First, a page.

Dominic Talavera didn’t find construction so much as construction found him. In his senior year of high school in southern California, Talavera accepted a job offer from a teacher to help with various construction projects after school. “I think it stuck with me,” he recalls. “I always look back fondly on that time.”
A summer job served as the jumpstart to his career. Talavera made the decision to stay and develop his passion, becoming the youngest foreman of a drywall-framing company in his early 20s. He remembers how overwhelming it was at times: he was managing very experienced men twice his age. “But they put me in the position for a reason,” he says.
Talavera’s first restaurant experience came in the form of a dinner theater at Universal Studios CityWalk. By the end of the project, a man who is now a lifelong friend told him that Talavera would someday work for him building restaurants. And sure enough, a few months later, Talavera got the call that would steer him toward his new career path.
“Once I started building restaurants, I never went back,” he says. “It’s so exciting to go from where you have nothing in a parking lot to six months later opening the doors and watching customers come in, sit down, and enjoy the restaurant.”
The number of stories Talavera has about relationships he’s created and maintained that have helped him in the industry is a testament to his ability to create a network where he and his colleagues can swap advice, opportunities, and expertise. It’s also how he got his current role as vice president of construction and facilities at Rubio’s Coastal Grill.
Talavera had worked with Rubio’s senior vice president of operations before and gave occasional referrals for different positions. When he got the call about an opening for a construction VP in May of 2020, he immediately nominated himself.
Though Talavera was based on the East Coast at the time, he drove across the country to seize the opportunity, and dove in at the height of the COVID-19. Rubio’s was in the middle of remodeling its locations before the pandemic brought construction to a screeching halt, posing plenty of challenges for the new VP.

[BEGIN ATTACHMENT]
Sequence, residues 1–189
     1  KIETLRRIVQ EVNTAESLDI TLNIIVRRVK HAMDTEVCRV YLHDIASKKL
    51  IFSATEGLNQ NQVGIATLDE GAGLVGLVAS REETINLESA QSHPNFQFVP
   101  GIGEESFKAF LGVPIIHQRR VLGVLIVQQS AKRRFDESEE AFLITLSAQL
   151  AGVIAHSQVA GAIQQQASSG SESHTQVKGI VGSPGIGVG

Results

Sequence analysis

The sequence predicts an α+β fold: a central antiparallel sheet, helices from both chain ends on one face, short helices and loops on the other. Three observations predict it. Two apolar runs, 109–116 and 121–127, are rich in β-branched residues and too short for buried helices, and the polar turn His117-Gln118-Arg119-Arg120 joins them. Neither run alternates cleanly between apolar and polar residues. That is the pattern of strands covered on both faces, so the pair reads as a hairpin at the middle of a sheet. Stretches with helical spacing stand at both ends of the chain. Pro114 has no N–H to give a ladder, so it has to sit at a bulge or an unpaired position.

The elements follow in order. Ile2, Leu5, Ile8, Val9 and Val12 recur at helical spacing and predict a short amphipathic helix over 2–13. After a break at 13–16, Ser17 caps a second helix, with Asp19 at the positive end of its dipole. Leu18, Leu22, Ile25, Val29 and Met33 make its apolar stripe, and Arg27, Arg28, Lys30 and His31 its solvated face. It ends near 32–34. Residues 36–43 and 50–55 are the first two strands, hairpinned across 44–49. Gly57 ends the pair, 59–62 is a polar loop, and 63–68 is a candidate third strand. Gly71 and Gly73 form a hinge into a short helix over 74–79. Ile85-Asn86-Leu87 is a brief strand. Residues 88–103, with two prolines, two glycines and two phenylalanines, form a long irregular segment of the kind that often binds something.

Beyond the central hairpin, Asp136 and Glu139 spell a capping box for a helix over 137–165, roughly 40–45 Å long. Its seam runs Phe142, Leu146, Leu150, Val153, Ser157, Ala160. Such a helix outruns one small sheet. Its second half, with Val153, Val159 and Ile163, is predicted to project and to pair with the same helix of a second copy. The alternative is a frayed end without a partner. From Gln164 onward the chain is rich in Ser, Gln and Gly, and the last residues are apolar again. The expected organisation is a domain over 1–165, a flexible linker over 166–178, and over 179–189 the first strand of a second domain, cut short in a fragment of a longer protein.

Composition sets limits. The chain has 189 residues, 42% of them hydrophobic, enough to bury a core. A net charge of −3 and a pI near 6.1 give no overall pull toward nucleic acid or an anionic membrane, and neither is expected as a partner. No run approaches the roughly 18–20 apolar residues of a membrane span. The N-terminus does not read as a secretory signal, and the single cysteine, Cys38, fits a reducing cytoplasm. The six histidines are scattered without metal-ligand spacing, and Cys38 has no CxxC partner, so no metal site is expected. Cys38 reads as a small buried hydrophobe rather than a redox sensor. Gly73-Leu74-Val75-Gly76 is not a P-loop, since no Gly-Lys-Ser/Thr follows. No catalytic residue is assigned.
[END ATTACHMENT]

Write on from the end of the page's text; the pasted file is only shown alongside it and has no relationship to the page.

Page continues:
His first two months were spent adjusting to both the new position and virtual operations. One of his first projects was helping to close certain locations. Instead of flying to a site, projects had to be completed with photographs, spreadsheets, and local vendors. He even took on three districts where he personally manages the facilities at those locations—Talavera describes his beginnings at Rubio’s as “drinking from the firehose.”
Despite a brief period of bankruptcy at the end of 2020, Rubio’s started fresh the following January, allowing Talavera and his team to focus on facilities. The VP convinced leadership to allow him to implement minor remodels, simply known as a “refresh.” One of the primary changes was the exterior signage update from Rubio’s Fresh Mexican Grill to Rubio’s Coastal Grill.
Talavera didn’t let the work of previous remodeling go to waste, even at locations that had to close. He recycled their signs to use at new locations with outdated signage, an initiative he hopes to continue to align all locations under one modernized brand.
As someone who values the connections his job brings, Talavera has had to adapt to a company where he has yet to meet most of the people he works with. “That’s one of the biggest things for me: I need to be accessible,” he explains. “If you need something, just pick up the phone and call me.”
This practical communication style extends into how Talavera approaches leadership as well. “You hear a lot of things from leaders [saying] that they wouldn’t have anybody that works for them do something they wouldn’t do,” the VP says. “I can tell you—I’ve done it. So regardless of whatever my position is now, I never forget that.”
He doesn’t seek to rest on his laurels or put himself on a pedestal. “After 25 years, I’m still open to learning, especially from the people that report to me,” Talavera says.
With a team that shares his passion and work that he loves, Rubio’s is a perfect fit for the southern California native who has long enjoyed the company’s menu. “Outside of Mexico, California has the best Mexican food,” he says, laughing. “Rubio’s has always been one of my favorites. Never, ever did I think that I would have the chance to work there.”